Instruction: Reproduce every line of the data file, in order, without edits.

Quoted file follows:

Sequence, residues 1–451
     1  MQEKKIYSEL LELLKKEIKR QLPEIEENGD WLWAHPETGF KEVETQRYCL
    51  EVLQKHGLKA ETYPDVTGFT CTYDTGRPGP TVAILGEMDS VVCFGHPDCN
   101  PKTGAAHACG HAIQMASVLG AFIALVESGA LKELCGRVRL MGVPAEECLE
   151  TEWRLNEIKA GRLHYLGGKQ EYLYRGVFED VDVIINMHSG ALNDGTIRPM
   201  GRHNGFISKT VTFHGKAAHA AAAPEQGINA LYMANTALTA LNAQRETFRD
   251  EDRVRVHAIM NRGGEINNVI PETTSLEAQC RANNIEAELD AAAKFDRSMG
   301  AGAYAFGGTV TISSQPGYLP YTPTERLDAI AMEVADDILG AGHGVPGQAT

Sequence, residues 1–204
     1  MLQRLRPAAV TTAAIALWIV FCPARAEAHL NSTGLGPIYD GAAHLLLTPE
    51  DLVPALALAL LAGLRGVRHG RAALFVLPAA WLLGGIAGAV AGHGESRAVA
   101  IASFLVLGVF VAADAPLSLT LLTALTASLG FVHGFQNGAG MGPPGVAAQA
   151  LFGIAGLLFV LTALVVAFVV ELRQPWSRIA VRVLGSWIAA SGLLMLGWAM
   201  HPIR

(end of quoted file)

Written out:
Sequence, residues 1–451
     1  MQEKKIYSEL LELLKKEIKR QLPEIEENGD WLWAHPETGF KEVETQRYCL
    51  EVLQKHGLKA ETYPDVTGFT CTYDTGRPGP TVAILGEMDS VVCFGHPDCN
   101  PKTGAAHACG HAIQMASVLG AFIALVESGA LKELCGRVRL MGVPAEECLE
   151  TEWRLNEIKA GRLHYLGGKQ EYLYRGVFED VDVIINMHSG ALNDGTIRPM
   201  GRHNGFISKT VTFHGKAAHA AAAPEQGINA LYMANTALTA LNAQRETFRD
   251  EDRVRVHAIM NRGGEINNVI PETTSLEAQC RANNIEAELD AAAKFDRSMG
   301  AGAYAFGGTV TISSQPGYLP YTPTERLDAI AMEVADDILG AGHGVPGQAT

Sequence, residues 1–204
     1  MLQRLRPAAV TTAAIALWIV FCPARAEAHL NSTGLGPIYD GAAHLLLTPE
    51  DLVPALALAL LAGLRGVRHG RAALFVLPAA WLLGGIAGAV AGHGESRAVA
   101  IASFLVLGVF VAADAPLSLT LLTALTASLG FVHGFQNGAG MGPPGVAAQA
   151  LFGIAGLLFV LTALVVAFVV ELRQPWSRIA VRVLGSWIAA SGLLMLGWAM
   201  HPIR